Weekend Forecast for March 14-16, 2014

By David Mumpower

March 14, 2014

I'm Heisenberg now.

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Yo, bitch! Mr. White is going to be so proud of me. I’m starring in a MOVIE!

Yes, folks. Now is the time to face reality. Breaking Bad is over, and the best we can hope for these days is an Aaron Paul movie vehicle that is little more than a glorified knock-off of Fast & Furious. Also, I’ll say what we’re all thinking: I miss Gus Fring.

Aaron Paul is in a unique situation. The 34-year-old actor has just finished starring in arguably the most critically acclaimed television series of the 2000s. Still a young man by everyone’s standards outside of Hollywood, Paul has the rest of his career ahead of him, but virtually no credentials as a feature film lead actor. He was one of the bad guys in Last House on the Left, but unless you’re the world’s biggest Garfunkel & Oates fan, you don’t know what that is. Paul is basically a blank slate as an opener.

He does have a couple of things going for him. He developed a loyal following due to his sympathetic turn as long-suffering meth maker Jesse Pinkman. While Bryan Cranston received most of the fawning media praise, Paul was a two-time Emmy winner in his own right and possesses unique countercultural appeal – arguably the most since Peter Fonda in Easy Rider. As an icon of 420 culture, Paul claims rare popularity in the coveted young adult male demographic. Conveniently, those are exactly the same consumers studios seek to entice with theatrical adaptations of video game premises.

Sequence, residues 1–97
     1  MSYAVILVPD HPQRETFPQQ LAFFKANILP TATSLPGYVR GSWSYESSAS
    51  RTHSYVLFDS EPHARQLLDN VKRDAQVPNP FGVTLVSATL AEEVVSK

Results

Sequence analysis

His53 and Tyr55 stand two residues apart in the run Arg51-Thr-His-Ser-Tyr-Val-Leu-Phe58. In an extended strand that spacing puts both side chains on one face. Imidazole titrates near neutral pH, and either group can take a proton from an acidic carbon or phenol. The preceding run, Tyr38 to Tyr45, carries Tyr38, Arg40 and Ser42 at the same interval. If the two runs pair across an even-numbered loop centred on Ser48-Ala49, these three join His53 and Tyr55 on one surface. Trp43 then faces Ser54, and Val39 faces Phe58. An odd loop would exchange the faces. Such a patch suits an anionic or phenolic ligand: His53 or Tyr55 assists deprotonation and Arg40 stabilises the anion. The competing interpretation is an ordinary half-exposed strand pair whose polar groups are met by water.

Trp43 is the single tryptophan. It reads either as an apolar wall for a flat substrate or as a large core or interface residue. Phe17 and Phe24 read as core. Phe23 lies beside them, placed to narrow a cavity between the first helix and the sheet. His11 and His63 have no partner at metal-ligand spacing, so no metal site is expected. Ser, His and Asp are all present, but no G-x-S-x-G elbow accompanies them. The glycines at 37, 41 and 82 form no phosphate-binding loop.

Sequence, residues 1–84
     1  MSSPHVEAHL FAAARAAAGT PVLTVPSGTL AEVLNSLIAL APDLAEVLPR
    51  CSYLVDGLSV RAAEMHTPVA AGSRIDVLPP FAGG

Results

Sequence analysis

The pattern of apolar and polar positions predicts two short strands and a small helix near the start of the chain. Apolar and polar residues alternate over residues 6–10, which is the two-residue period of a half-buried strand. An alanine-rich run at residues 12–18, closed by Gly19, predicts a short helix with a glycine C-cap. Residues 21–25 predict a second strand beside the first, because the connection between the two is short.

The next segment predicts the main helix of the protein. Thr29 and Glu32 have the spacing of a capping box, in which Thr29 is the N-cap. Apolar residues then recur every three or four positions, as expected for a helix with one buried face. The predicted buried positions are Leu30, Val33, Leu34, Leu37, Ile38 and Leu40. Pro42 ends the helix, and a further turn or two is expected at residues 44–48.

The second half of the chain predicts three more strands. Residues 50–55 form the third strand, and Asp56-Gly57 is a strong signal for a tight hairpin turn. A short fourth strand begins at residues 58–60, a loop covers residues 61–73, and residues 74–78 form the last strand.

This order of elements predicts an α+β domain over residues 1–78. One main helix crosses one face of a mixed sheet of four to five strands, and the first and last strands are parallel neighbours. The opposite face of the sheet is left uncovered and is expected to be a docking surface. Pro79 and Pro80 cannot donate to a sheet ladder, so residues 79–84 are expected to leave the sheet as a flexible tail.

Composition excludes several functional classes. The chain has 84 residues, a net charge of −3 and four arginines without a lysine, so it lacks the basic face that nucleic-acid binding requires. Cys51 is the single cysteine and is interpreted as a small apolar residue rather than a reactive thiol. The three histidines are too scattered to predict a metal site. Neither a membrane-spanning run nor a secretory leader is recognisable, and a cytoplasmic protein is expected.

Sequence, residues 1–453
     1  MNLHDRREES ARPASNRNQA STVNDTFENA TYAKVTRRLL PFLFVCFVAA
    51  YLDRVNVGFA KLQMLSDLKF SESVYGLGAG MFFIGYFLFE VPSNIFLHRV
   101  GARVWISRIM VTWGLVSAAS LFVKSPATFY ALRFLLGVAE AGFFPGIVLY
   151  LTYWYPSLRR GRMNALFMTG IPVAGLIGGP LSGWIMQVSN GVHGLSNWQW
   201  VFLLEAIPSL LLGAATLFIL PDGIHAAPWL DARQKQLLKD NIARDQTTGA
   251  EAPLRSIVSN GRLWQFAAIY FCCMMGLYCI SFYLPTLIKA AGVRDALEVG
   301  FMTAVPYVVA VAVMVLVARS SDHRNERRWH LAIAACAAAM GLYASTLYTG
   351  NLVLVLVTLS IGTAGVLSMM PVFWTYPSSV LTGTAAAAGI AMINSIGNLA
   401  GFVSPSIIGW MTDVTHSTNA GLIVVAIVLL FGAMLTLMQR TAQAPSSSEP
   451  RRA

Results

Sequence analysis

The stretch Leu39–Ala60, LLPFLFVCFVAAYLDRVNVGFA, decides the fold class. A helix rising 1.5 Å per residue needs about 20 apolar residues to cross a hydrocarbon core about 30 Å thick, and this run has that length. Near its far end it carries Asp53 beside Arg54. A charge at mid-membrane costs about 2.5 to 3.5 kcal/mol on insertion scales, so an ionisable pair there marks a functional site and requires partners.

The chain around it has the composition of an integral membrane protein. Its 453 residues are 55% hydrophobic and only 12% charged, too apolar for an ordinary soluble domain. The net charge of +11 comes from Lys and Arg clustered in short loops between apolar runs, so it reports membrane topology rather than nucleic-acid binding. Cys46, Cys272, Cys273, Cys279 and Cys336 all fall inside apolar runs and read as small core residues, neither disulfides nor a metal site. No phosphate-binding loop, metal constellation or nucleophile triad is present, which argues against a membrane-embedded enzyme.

That opinion is the optimist’s perspective. The pessimistic viewpoint is that Need for Speed is an obvious Fast & Furious imitator. Alternately, if we want to be low-rent about it, it has some elements of The Transporter, Death Race and Hitman. Hitman is arguably the strongest comparison because it also starred a lead actor from a critically beloved series and was an action film based upon a video game. The star of that film, Timothy Olyphant, now walks a tightrope between starring in his own television series and the occasional middle tier theatrical release. That is Aaron Paul’s likely future.

This weekend, all that matters is how many adolescent and virtually adolescent males want to see fast cars and explosions. Need for Speed has been heavily advertised, and was even given the honor of a Super Bowl spot. Torn between the popularity of car films and the saturation of them, I’m leaning toward the former by projecting a $27 million opening weekend. Independent of how well the movie does this weekend, Paul should prove popular during pilot season for the next several years until he finds a new series that sticks.

I do not want to call Tyler Perry an egomaniac; however, we must face facts. Tyler Perry presents a movie approximately every four months these days. If not for a strange copyright issue involving Lee Daniels and The Butler, the only other director in the industry who has demanded such an egotistical moniker is Quentin Tarantino. And the film that bore Tarantino’s name was Hero, a production that in no way involved him. Of course, if you can create a couple of box office hits out of thin air every year simply by adding your name to them, you’d do it as well.

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